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Inclusive education at Huili Nursery Hangzhou

14 Oct 2021


Everyone in the education field has their own perspective on what ‘inclusion’ means, for staff at Huili Nursery Hangzhou, inclusion in the early years is about our everyday practice and the environment we create to ensure that everyone has a sense of ‘belonging’ stemming from our children and their parents to staff and any others connected to our community. 

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Inclusion is sometimes specifically applied only to those children identified as having special educational needs, learning in mainstream settings. However, it has a much broader meaning and applies to the practices, attitudes and, above all, values that create early childhood communities where everyone feels safe, comfortable, that they ‘belong’ and can contribute.

Early education – at its best – is ‘inclusive education’ because of the emphasis, in practice, of identifying and meeting the individual learning needs of all young children.

- Cathy Nutbrown



“Every child is unique”

This key principle of the EYFS is a driving factor behind our curriculum and decision-making that ensures diversity and inclusion across the school enabling us to strive to meet all our children’s needs. Diversity can be defined as encompassing individual differences such as culture, language, location, economics, learning, abilities, and gender. Broader diversity constructs can be presented such as diverse abilities, diverse learners, and learners in diverse classrooms, all of which every school has. What is defined as important in inclusive education can vary from culture to culture, society to society, setting to setting and even practitioner to practitioner.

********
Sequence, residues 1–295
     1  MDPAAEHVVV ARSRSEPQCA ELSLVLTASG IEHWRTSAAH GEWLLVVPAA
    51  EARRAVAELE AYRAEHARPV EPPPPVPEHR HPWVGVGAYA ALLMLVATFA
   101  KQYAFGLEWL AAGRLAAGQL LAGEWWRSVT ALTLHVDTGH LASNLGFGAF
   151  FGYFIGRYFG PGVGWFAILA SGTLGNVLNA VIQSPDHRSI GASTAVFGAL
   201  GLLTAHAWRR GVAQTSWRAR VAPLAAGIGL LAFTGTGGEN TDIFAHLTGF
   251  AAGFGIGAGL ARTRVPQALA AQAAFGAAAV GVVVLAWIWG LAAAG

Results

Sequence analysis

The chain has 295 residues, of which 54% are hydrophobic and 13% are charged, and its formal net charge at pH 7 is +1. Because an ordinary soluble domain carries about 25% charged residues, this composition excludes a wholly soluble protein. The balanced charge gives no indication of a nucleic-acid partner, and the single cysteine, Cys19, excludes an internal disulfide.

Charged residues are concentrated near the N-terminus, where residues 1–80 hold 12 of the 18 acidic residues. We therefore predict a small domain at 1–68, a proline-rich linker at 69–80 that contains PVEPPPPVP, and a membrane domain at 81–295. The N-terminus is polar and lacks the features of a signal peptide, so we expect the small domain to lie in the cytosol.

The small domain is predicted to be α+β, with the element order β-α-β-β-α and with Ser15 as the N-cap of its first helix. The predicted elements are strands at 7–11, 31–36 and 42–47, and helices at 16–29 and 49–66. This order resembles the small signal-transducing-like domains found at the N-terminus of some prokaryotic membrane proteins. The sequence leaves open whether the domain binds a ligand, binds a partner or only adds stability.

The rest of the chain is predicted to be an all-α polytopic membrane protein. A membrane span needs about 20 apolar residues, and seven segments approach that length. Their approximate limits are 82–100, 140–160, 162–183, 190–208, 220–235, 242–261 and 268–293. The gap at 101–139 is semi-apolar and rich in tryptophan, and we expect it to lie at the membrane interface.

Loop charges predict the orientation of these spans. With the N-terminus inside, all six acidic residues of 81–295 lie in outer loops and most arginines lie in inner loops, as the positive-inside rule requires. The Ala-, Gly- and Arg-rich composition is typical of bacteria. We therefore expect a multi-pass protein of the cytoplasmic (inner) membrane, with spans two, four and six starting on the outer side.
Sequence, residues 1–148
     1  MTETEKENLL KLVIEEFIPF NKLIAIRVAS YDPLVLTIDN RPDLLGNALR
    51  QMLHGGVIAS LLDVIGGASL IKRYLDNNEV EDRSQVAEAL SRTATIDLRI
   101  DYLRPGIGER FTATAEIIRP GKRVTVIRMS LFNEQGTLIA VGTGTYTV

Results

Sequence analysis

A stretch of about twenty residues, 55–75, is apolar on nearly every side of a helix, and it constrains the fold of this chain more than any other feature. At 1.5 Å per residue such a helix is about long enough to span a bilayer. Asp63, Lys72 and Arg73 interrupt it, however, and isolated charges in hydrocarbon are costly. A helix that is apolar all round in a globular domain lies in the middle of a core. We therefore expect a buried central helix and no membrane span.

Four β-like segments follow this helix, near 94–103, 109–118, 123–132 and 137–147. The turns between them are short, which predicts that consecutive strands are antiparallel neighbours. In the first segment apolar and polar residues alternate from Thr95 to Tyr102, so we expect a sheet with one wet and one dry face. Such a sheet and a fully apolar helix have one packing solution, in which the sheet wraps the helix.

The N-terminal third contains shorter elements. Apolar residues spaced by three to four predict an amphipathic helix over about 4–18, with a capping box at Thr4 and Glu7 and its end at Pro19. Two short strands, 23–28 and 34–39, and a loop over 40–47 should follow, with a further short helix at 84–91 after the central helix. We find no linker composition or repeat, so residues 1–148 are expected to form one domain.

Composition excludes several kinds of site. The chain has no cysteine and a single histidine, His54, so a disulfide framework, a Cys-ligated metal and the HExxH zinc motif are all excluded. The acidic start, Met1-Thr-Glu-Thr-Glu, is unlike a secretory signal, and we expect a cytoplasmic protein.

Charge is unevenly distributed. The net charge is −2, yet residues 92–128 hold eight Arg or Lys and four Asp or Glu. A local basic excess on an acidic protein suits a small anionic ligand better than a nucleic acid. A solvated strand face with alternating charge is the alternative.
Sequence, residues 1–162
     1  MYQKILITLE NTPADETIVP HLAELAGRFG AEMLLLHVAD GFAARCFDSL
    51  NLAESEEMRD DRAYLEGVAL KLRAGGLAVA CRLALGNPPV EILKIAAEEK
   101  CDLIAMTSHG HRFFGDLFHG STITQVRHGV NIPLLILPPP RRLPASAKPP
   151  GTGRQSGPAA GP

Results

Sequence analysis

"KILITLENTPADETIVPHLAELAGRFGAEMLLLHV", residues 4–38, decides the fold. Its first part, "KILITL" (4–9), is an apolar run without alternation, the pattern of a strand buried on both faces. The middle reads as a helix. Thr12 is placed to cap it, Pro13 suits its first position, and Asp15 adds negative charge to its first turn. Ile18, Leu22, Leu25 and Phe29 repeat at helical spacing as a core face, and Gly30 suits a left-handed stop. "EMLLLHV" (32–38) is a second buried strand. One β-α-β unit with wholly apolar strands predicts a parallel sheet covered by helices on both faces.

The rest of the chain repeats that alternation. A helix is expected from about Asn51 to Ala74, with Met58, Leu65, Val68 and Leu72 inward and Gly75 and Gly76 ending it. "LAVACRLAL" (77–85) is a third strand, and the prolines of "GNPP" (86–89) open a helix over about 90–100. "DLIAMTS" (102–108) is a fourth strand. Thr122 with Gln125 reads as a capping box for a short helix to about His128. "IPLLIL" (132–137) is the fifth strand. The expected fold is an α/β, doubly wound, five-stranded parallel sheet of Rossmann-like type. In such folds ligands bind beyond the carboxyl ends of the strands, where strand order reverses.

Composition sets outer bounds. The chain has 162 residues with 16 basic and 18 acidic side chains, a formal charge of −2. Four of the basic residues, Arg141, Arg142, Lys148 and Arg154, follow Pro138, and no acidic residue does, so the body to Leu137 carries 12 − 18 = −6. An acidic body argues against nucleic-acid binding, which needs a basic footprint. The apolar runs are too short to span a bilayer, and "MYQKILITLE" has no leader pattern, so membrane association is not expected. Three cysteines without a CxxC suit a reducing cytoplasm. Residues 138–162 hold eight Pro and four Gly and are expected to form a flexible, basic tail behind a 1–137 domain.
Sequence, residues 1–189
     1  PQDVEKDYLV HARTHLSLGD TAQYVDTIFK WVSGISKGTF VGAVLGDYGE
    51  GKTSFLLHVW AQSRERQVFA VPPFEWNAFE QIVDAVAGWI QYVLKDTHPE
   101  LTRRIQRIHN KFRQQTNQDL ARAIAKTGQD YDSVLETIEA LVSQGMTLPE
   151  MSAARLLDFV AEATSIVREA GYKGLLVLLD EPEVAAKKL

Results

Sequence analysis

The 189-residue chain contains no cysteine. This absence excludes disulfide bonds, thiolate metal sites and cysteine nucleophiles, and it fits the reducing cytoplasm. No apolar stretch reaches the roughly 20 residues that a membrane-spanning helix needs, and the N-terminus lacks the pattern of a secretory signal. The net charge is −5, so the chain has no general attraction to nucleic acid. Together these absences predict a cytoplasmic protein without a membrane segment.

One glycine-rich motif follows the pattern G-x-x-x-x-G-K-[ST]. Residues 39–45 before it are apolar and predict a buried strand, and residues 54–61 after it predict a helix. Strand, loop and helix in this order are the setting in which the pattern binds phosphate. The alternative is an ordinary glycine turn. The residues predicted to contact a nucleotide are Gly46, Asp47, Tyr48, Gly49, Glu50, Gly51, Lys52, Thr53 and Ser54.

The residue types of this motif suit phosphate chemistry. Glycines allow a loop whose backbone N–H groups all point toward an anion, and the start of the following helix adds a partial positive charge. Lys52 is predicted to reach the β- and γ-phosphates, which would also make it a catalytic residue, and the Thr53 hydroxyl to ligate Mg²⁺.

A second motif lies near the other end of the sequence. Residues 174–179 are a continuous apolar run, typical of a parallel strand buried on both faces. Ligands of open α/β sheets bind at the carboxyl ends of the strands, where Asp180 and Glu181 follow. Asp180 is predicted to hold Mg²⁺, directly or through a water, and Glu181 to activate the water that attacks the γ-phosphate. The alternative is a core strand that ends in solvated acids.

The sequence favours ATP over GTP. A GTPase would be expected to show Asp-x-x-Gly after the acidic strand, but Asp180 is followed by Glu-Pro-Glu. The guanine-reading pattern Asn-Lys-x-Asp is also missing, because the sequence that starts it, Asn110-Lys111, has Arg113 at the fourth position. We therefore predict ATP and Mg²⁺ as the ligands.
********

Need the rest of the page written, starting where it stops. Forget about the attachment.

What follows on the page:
The importance of inclusive practices, equality of opportunity and access to the educational provision is a matter of constant discussion, which is something we do regularly at Huili Nursery Hangzhou to ensure our children are accessing the very best education and every child’s unique identities are being catered to. Research shows that inclusive education should include many more considerations, such as social, political, economic, cultural, and English as a second language. This is something we take pride in demonstrating and ensuring our children, families, staff, and the wider community are recognised as an important part of our school culture due to our carefully constructed bilingual and co-teaching model, which allows international cultures to be brought together and for quality learning to take place in both English and Chinese.


One of the Huili identities is the word, Inclusive;

“Wellingtonians will leave the College with the moral values and social conscience to serve others and do good in life. This inclusivity includes a strong pride in coeducation, and a commitment to understanding and appreciating our place as global citizens.” Everywhere you look around our environment you will be able to identify opportunities to be unique, diverse and demonstrate one individual self, which in turn allows every child, parent and staff member to feel a sense of belonging and be part of a supportive and collaborative community ensuring our children not only ‘do well’ but thrive and become successful in all areas of their lives as they continue their journey with us.



Inclusive, good-quality education is a foundation for dynamic and equitable societies.

Desmond Tutu